Safe Alberta Firearms Education
Teaching and testing for the Canadian Firearms Safety Course
Coaching shooting sports
(403) 803-7844 or email@example.com
What is the difference between a PAL, POL and FAC?
The acronym P.A.L. stands for Possession and Acquisition License. This term is used in place of Firearms Acquisition Certificates or F.A.C..Firearms Acquisition Certificates (FAC) issued under the former law are considered to be licenses. They need to be replaced with a PAL as they have expired. In the early process of the reformed firearms laws in the late 1990's, the government brought out a POL (Possession Only Licence). Owners of firearms were able to obtain these to retain their existing firearms but could not purchase any new ones. These have been phased out and the only people who still have them are individuals who kept them current and did not allow them to expire. The Possession and Acquisition License (PAL) is the only license currently available to new applicants. It is renewable every five years. As a general rule, applicants must have passed the Canadian Firearms Safety Course in order to obtain one.
How can I check the status of my firearms application online?
You can check the status of your licence application at this link: Pal Application Progress They suggest waiting 45 days before getting too anxious about the status of your licence. If you feel that the answer on line was not clear, you can phone the Chief Firearms Officer to ask why things are taking longer than 45 days.
What is the minimum age for a minor to obtain a PAL?
Minors can obtain a minor's permit as young as 12 years old. This allows them to use a firearm with adult supervision but reduces the requirement to have a licenced individual within arm's length. They are basically given a longer tether from the licenced individual. The minor takes the same course as an adult. When they turn 18, they apply for a PAL and do not need to take another course. Unlike adults, minors are not allowed to challenge the exam. They must take a course. If the minor is interested in restricted firearms, they must wait until they are 18. They are not permitted to have a restricted licence until they are 18. They cannot obtain a restricted licence but if they wish, they can take the course for interest reason. Once they turn 18, they can come challenge the exams or re-take the course at that time. In terms of safety, if the minor will be using restricted firearms, it is a good idea to have them take the restricted course so that they learn the safe handling of the firearm that they will be using.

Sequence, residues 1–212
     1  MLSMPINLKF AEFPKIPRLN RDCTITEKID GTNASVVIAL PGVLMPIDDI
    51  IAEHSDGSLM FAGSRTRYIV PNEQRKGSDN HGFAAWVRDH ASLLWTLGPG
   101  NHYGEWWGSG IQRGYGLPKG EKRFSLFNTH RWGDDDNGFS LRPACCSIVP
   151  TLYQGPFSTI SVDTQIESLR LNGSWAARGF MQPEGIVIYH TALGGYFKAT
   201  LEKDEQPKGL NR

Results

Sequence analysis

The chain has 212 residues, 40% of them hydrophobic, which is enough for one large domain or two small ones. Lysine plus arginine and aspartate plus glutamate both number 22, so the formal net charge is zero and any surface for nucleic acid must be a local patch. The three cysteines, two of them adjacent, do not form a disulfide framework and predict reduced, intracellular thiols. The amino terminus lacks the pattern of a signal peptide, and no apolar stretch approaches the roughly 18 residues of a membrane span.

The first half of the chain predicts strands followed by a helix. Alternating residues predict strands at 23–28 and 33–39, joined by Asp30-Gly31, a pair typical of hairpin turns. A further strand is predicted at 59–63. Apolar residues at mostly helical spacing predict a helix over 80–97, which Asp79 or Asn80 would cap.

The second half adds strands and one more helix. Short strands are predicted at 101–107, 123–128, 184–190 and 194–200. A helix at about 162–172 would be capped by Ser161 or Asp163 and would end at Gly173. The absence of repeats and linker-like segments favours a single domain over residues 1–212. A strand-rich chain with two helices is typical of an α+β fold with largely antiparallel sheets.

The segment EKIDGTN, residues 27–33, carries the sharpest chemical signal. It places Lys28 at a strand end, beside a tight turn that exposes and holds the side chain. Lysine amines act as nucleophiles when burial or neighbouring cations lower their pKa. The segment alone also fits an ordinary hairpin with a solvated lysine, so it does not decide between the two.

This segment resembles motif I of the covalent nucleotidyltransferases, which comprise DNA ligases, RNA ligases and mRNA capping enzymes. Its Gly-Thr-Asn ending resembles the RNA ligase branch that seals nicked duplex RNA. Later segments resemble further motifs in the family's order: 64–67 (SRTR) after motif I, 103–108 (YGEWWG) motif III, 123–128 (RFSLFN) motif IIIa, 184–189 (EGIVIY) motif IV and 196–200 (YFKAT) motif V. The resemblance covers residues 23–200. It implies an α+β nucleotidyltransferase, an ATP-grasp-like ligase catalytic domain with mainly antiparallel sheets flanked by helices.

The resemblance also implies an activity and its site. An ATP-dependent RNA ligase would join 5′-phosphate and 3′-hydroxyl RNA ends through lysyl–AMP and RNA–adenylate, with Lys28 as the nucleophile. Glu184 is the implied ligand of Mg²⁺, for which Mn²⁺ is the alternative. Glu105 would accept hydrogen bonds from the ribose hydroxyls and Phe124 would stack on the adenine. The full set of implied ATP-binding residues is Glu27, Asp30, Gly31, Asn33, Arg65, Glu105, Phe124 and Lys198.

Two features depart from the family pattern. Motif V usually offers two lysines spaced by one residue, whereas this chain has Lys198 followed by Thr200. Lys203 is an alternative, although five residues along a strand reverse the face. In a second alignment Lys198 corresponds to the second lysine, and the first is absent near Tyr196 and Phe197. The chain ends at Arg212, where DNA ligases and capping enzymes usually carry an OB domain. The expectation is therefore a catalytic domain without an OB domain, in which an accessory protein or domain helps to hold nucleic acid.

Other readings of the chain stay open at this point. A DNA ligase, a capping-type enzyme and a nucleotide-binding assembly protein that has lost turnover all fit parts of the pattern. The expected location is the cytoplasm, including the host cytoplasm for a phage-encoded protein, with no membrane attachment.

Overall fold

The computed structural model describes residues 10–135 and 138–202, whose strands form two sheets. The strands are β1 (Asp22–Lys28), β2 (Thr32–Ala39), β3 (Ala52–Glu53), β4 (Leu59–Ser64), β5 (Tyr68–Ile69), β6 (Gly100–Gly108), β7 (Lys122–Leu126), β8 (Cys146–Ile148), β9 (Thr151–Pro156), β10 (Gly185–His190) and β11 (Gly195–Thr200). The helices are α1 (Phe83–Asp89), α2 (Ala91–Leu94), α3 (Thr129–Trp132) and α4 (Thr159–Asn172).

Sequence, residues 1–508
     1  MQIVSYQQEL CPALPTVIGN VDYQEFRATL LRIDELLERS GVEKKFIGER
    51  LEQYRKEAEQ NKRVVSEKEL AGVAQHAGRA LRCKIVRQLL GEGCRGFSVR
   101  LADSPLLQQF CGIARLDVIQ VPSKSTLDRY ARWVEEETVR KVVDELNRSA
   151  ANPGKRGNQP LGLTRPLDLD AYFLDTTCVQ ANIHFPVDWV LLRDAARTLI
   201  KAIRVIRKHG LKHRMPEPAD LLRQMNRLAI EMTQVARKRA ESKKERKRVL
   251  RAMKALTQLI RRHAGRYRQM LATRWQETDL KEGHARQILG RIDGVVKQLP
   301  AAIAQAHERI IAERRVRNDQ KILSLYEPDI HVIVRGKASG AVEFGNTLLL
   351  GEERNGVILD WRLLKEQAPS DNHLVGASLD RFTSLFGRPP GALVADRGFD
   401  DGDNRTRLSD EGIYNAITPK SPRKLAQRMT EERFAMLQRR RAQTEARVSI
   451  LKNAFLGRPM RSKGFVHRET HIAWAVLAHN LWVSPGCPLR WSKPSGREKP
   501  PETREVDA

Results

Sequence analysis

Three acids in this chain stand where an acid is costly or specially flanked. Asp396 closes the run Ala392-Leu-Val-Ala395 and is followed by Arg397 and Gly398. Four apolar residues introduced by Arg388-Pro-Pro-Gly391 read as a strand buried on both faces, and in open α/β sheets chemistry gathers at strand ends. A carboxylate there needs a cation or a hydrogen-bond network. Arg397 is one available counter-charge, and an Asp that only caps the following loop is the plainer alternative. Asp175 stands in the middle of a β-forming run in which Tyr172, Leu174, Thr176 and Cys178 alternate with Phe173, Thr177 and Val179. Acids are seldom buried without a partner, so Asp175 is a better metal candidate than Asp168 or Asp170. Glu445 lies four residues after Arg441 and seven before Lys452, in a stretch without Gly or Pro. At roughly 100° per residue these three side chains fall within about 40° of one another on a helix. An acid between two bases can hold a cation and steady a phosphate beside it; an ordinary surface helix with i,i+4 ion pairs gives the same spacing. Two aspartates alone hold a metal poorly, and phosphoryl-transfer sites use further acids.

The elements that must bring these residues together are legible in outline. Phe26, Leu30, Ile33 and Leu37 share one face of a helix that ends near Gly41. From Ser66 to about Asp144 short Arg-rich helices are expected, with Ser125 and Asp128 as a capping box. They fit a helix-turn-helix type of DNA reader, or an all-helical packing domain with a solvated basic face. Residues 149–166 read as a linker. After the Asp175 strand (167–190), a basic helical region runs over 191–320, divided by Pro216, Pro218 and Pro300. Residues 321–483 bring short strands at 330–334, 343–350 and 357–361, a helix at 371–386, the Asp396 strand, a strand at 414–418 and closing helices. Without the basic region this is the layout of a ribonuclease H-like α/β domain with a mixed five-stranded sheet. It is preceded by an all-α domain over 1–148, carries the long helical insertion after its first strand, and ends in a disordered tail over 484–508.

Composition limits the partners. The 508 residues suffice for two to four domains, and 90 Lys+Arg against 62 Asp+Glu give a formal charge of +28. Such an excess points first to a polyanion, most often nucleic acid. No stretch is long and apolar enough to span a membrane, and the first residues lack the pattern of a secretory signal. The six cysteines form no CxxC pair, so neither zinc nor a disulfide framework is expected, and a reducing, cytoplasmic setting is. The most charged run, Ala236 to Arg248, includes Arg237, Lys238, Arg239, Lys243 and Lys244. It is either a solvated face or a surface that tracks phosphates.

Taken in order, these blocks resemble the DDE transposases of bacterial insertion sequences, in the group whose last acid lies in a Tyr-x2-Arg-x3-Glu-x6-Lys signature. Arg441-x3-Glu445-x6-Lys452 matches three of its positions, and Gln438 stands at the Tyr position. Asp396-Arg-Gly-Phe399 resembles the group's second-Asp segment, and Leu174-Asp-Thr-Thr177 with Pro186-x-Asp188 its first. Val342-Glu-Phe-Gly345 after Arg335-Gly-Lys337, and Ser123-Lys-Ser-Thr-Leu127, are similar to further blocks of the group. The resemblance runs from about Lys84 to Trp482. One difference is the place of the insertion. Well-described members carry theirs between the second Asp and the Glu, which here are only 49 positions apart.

What are the different classes of firearms?
There are three classes of firearms: non-restricted, restricted and prohibited. Non-restricted are any rifles and shotguns that are neither restricted nor prohibited. Most common long guns are non-restricted, but there are a few exceptions.
Following are some weapons and devices that meet the definition of a firearm but that are deemed not to be firearms for purposes of the Firearms Act and related offences in the Criminal Code. Some of these items are exempted from the definition only if they were designed exclusively for a specific purpose and are intended to be used exclusively for that purpose by the person who possesses it. However, all of the items listed below are considered to be firearms if used in a criminal or negligent manner.
Do the licensing and registration requirements apply to bows?
Crossbows that can be aimed and fired with one hand and crossbows with an overall length of 500 mm (about 19.68 inches) or less are prohibited. You cannot lawfully possess or acquire a prohibited crossbow.
You do not need a valid licence or registration certificate to possess any other type of bow, including a crossbow that is longer than 500 mm and that requires the use of both hands. Criminal Code provisions making it an offence to acquire a crossbow without a valid licence were never brought into force.